- The South African Revenue Service says making use of third party information to identify tax evaders is finally showing fruition
- The revenue service has been making use of both domestic and international data sources to find hidden assets
- SARS says it is also working on m claiming tax from government PPE vendors that have not registered as VAT vendors
PAY ATTENTION: Follow Briefly News on Twitter and never miss the hottest topics! Find us at @brieflyza!
JOHANNESBURG - The South African Revenue Service says the use of data to quickly detect non-compliance has proven to work effectively.
SARS says it has been making use of third party information retrieved from both local and international data sources. The information retrieved from these data sources is then input into machine learning models and risk profiling to efficiently detect tax evaders.
Domestic third-party sources include banks, medical insurance providers, retirement funds and properties deeds offices among others, according to a report by MyBroadband.
SARS is also getting information from over 100 foreign countries on off-shore financial assets. Access to third-party data has allowed SARS to collect R115 billion in tax revenue from compliance activities.
PAY ATTENTION: Never miss breaking news – join Briefly News' Telegram channel!
SARS to track down non-complaint PPE vendors
These companies have been paid more than R1 million for services, however, they are not paying any tax.
Through data acquired from the Central Supplier Database, more than 1000 companies have been identified and they have all received a total of R6.3 billion.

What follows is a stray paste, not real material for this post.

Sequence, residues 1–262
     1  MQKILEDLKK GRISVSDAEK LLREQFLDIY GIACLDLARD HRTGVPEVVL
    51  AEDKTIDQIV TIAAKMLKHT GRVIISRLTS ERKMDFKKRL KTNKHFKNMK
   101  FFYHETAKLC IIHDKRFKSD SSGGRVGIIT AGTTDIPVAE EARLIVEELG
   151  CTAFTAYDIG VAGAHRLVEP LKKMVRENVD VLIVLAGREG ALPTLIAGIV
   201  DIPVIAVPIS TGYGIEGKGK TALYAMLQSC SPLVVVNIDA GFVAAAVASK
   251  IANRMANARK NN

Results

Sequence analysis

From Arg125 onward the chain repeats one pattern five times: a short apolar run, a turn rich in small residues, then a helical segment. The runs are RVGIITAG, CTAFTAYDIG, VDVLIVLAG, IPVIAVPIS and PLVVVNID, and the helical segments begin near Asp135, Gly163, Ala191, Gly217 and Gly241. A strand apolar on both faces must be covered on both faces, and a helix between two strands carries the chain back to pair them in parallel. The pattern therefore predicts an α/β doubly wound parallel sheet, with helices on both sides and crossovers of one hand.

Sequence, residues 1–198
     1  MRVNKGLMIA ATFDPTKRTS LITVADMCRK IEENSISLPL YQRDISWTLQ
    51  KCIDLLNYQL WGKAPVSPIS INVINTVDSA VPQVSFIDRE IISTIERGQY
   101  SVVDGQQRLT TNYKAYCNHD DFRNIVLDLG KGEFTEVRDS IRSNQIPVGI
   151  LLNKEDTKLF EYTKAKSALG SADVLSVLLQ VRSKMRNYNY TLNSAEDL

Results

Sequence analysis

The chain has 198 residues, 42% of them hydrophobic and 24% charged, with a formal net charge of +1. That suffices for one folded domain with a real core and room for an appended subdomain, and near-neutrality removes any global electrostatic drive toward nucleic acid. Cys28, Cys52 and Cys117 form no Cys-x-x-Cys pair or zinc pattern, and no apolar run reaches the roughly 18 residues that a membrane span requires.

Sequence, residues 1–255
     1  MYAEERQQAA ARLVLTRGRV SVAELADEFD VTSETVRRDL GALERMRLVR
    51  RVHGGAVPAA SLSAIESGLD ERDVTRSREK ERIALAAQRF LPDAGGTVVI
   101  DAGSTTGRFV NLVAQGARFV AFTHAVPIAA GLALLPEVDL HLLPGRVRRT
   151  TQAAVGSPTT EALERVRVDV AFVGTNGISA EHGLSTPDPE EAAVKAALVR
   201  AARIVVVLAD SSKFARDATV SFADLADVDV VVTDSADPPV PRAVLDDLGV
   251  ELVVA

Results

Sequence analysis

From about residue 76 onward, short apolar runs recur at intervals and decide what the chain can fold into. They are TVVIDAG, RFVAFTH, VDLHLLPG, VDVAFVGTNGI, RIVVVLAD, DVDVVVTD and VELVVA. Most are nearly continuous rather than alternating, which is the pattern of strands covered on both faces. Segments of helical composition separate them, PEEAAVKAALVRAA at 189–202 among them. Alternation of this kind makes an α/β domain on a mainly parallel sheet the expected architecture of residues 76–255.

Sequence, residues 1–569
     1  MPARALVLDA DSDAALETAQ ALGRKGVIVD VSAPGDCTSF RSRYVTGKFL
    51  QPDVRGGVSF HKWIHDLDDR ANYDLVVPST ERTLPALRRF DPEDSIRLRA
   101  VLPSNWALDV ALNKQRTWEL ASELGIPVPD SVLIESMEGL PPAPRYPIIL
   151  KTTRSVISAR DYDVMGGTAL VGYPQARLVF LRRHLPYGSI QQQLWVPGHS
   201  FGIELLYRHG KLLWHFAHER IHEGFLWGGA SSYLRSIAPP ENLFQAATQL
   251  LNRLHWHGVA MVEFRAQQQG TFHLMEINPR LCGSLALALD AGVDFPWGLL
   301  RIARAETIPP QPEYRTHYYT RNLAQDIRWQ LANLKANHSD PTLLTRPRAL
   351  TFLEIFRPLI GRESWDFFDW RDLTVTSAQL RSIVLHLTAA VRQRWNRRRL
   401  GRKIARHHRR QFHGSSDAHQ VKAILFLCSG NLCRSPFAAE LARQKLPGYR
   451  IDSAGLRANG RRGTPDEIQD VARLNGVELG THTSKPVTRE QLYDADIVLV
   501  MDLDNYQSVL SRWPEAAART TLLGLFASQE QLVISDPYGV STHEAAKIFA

SARS says it is working towards identifying the owners of the companies and will consider criminal charges where necessary.
Travel restrictions delay post office's Christmas delivery schedule, urgent mail can be sent on time
SARS wants to tax cryptocurrencies, considers moving forward with audits on investors
Briefly News previously reported that the South African Revenue Services (SARS) has announced that it will like to institute regulations around cryptocurrencies such as Bitcoin. They have published a page called Crypto Assets & Tax online, which informs cryptocurrency owners on how they will be taxed.
The reason behind SARS's move is that cryptocurrencies are decentralised and therefore unregulated in most countries as governments are not sure how they should be taxed.
The page states that profits which South Africans make from trading cryptocurrencies will be liable to taxation. The profits will be classed as either revenue or capital, depending on the specific case it applies to, BusinessTech reports.
According to Business Insider, audit notifications have been sent to some cryptocurrency owners which request them to state why they invested in these digital currencies. They also have to submit documentation from the platforms they invested in to confirm how much they bought and earned.
Source: Briefly News